Perceptions of the preparedness of medical graduates for internship responsibilities in district hospitals in Kenya: a qualitative study
Background: Aga Khan University is developing its undergraduate medical education curriculum for East Africa. In Kenya, a 1 year internship is mandatory for medical graduates’ registration as practitioners. The majority of approved internship training sites are at district hospitals. The purposes of this study were to determine: (1) whether recent Kenyan medical graduates are prepared for their roles as interns in district hospitals upon graduation from medical school; (2) what working and training conditions and social support interns are likely to face in district hospital; and (3) what aspects of the undergraduate curriculum need to be addressed to overcome perceived deficiencies in interns’ competencies.
Methods: Focus group discussions and semi-structured interviews were conducted with current interns and clinical supervisors in seven district hospitals in Kenya. Perceptions of both interns and supervisors regarding interns’ responsibilities and skills, working conditions at district hospitals, and improvements required in medical education were obtained.
Results: Findings included agreement across informants on deficiencies in interns’ practical skills and experience of managing clinical challenges. Supervisors were generally critical regarding interns’ competencies, whereas interns were more specific about their weaknesses. Supervisor expectations were higher in relation to surgical procedures than those of interns. There was agreement on the limited learning, clinical facilities and social support available at district hospitals including, according to interns, inadequate supervision. Supervisors felt they provided adequate supervision and that interns lacked the ability to initiate communication with them. Both groups indicated transition challenges from medical school to medical practice attributable to inadequate practical experience. They indicated the need for more direct patient care responsibilities and clinical experience at a district hospital during undergraduate training.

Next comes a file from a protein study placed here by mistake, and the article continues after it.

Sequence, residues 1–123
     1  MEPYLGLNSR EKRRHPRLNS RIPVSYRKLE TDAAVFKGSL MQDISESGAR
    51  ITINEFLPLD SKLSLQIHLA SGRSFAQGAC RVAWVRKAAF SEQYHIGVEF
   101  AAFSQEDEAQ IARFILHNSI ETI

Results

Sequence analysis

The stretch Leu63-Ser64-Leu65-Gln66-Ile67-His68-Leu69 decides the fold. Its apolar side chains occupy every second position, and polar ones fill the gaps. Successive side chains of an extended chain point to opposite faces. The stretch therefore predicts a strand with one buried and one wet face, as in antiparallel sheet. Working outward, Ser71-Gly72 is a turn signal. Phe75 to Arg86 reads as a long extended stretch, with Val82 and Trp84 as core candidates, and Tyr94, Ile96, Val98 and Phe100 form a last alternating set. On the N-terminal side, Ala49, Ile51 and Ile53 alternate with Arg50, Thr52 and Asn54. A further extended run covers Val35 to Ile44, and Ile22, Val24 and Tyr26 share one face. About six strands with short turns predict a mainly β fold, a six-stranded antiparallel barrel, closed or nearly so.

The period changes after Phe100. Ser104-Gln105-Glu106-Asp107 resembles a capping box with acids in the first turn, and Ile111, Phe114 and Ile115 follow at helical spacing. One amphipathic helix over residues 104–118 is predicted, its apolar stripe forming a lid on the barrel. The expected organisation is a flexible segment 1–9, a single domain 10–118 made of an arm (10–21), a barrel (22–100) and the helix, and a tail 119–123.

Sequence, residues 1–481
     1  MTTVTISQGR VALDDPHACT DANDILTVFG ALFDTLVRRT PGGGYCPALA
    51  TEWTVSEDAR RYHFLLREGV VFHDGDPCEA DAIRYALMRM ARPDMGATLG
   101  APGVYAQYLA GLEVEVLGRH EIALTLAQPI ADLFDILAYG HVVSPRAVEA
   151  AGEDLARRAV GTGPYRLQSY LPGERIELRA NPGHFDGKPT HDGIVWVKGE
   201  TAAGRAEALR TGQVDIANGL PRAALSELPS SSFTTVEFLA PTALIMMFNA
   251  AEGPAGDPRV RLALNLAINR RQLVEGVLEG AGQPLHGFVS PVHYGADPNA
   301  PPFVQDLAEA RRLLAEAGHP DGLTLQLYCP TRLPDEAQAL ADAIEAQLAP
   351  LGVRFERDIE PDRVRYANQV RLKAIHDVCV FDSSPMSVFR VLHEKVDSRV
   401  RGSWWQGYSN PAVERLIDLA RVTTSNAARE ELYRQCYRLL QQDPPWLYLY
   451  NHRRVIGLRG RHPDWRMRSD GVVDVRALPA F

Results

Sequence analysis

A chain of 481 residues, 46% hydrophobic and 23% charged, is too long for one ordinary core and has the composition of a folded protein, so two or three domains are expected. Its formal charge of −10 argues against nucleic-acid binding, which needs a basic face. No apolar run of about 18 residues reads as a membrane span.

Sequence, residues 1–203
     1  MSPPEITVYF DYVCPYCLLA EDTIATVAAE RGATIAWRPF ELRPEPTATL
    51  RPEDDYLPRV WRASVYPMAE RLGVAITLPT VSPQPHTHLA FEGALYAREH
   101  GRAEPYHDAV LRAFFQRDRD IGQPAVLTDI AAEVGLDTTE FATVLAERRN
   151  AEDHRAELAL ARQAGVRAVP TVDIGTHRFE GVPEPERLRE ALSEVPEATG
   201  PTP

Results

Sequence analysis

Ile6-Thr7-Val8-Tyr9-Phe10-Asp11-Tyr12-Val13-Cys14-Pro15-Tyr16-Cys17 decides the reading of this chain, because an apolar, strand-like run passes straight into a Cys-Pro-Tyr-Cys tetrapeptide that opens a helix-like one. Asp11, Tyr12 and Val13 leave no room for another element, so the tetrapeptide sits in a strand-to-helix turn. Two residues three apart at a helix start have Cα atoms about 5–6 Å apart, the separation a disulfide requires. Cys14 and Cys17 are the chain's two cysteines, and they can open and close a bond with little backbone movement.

Conclusion: Perception of medical graduates’ unpreparedness seemed to stem from a failure to implement the apprenticeship model of learning in medical school and lack of prior exposure to district hospitals. These findings will inform curriculum development to meet stakeholder requirements, improve the quality of graduates, and increase satisfaction with transition to practice.